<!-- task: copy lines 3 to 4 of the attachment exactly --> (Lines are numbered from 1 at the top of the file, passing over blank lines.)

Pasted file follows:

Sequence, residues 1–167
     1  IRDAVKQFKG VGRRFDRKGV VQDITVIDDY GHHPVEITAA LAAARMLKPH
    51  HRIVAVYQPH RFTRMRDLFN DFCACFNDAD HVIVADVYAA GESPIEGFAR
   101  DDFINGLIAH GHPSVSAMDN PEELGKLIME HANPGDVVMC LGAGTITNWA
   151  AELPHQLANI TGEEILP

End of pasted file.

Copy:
    51  HRIVAVYQPH RFTRMRDLFN DFCACFNDAD HVIVADVYAA GESPIEGFAR
   101  DDFINGLIAH GHPSVSAMDN PEELGKLIME HANPGDVVMC LGAGTITNWA